For a long time, I would sit in front of the tv, or in a room with other people, type some words, then struggle to shake off my disappointment at the results. It turns out I need a specific set up to get into my writing groove; I think this is probably true of a lot of people, and it will vary from person to person (in front of the tv may be perfect for you). For me the ideal environment involves solitude, no distractions, and preferably silence. Background noise can work too, but only if it’s quiet or doesn’t involve words.
Thinking about storytelling
We love stories. This is not only a highly annoying favourite line in marketing/PR/social courses and resources (sorry fellow marketers, I just can’t not roll my eyes at those things), it’s also a simple truth. Despite working in that area, when I first started writing outside of my job I would often forget that one of the most effective ways to communicate a point was by using a story as a framework. It’s actually easier to write that way anyway, so I’m trying to keep it in mind whenever I approach a post which could easily become woolly or confusing.
Summarising the message
At times I feel almost lost and intimidated when writing – which is easy to do, particularly when you’re a rambler like I am – and end up losing the essence of what I’m trying to say. When this happens, stopping to consider what the overriding message I want to communicate is and doing an exercise where I summarise what a post is about in one or two sentence/s helps me to get back on track. Sometimes I actually end up including it somewhere, and sometimes it’s just for me, but either way it helps to get to grips with my desired outcome and hey – it’s also handy for Instagram captions.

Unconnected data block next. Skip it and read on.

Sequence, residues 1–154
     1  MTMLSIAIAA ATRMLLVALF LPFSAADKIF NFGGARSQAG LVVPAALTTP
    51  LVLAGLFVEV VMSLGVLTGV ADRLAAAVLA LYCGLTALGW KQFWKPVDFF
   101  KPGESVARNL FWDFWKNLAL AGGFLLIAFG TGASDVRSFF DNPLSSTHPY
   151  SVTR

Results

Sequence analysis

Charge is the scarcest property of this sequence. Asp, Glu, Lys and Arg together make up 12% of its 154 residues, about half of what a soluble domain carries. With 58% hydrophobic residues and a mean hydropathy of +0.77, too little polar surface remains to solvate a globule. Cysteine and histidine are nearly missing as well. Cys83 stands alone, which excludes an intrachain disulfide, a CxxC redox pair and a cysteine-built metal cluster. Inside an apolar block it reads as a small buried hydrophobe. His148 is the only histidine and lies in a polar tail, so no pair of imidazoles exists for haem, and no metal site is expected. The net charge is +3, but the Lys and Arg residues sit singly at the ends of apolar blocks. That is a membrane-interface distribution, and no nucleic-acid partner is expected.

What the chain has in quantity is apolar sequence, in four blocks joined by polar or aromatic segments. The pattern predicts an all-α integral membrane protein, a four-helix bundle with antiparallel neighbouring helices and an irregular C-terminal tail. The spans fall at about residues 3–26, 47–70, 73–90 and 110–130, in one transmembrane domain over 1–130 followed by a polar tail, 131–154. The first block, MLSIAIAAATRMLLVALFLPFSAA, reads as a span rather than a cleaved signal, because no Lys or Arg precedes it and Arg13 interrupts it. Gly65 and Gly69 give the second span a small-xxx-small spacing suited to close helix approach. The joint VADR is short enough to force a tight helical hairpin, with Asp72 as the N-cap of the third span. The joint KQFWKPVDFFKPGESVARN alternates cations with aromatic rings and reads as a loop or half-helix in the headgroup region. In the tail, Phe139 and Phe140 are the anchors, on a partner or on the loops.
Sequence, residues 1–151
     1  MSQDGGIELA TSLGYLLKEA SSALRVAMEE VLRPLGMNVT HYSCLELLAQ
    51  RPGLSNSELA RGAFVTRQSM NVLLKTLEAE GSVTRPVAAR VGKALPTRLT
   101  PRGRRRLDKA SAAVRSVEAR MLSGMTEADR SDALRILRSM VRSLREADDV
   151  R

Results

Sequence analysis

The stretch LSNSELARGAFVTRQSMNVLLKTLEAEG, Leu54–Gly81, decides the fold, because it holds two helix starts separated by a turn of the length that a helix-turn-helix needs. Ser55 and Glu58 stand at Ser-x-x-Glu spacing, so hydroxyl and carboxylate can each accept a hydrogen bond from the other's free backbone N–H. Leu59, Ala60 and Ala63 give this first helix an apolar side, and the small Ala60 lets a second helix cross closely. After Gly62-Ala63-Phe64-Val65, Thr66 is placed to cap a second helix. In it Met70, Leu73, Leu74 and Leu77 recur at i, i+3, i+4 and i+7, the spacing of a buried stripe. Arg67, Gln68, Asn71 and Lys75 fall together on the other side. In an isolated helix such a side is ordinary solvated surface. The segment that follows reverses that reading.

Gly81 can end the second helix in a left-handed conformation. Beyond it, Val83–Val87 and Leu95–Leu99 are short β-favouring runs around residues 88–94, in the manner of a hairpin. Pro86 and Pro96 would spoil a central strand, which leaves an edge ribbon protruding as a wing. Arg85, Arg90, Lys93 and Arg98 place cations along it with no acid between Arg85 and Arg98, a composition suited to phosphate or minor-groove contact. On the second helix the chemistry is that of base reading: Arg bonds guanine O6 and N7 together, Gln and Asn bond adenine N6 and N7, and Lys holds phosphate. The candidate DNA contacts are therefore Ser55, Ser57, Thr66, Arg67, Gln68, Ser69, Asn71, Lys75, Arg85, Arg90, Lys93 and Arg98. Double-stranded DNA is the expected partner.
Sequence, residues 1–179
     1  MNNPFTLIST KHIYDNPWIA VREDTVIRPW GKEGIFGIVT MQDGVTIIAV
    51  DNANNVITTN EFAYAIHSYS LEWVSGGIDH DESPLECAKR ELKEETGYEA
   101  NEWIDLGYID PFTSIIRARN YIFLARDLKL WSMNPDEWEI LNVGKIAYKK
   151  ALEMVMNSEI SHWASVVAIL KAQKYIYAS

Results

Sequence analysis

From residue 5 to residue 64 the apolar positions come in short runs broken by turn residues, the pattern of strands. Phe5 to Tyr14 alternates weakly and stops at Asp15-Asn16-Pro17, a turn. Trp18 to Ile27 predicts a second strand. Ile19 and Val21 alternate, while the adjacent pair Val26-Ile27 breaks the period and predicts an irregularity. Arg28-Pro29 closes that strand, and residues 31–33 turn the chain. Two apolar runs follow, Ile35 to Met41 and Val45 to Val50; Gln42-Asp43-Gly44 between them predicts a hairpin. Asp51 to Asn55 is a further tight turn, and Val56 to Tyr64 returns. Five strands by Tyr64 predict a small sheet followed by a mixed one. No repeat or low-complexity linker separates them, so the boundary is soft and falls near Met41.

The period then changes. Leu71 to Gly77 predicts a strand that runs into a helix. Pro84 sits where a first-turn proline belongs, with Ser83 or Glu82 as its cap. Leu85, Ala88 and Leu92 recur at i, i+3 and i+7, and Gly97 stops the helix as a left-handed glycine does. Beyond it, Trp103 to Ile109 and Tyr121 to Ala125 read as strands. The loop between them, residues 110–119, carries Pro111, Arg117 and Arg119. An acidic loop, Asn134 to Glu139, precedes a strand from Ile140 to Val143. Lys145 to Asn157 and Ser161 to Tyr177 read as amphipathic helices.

While being overly self-critical is never a positive, failing to cast a discerning eye over what you’ve written is probably going to work against you. ‘Editing’ for me used to mean correcting spelling and grammar, but for a couple of months now I’ve been spending longer doing it properly. Depending on the topic I’ll rearrange, delete chunks, attempt to bring paragraphs to life a little more, and basically try to make it stronger – it can take a little time, but it’s been worth it.
I’m also trying to get better at removing gratuitous waffle. This is pretty difficult for me, since it’s the type of thing I produce in swathes (this post was originally 2000 words). What I’m trying not to do is spend a long time desperately trying to make what I write as inoffensive as possible, which leads me nicely on to my final point.
Finding my voice
Friends who read my blog have said that it sounds just like me, or that they read it in my voice. I think this has to be a good thing, except if you hate me and the way I express myself (and if you do, I assure you I have every sympathy with that). For me as a reader it’s a writer’s narrative voice which draws me to them, sometimes regardless of subject matter, and while I do think I’ve always written with my own, I’m working on allowing it to come through more strongly this year. I’ve been experimenting a bit with what I’m writing and how, playing with words and tones and structures, learning what feels most natural and making sure to put my personality into everything. In a digital world where there will always be someone to take exception with what you’ve written, it can be hard to resist the temptation to go through your work and make it more vanilla; but unless you’re being an utter tosspot, be more of yourself. Voices are important, so let’s not dilute them.